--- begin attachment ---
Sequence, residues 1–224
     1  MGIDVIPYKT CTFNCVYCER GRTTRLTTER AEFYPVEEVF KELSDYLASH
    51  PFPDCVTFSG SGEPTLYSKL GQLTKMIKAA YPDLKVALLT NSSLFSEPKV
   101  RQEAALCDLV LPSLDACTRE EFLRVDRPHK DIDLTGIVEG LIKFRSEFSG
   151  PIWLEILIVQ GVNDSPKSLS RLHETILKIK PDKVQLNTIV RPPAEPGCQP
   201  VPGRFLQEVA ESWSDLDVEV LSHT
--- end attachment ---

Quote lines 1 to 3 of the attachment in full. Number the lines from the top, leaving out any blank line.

Sequence, residues 1–224
     1  MGIDVIPYKT CTFNCVYCER GRTTRLTTER AEFYPVEEVF KELSDYLASH
    51  PFPDCVTFSG SGEPTLYSKL GQLTKMIKAA YPDLKVALLT NSSLFSEPKV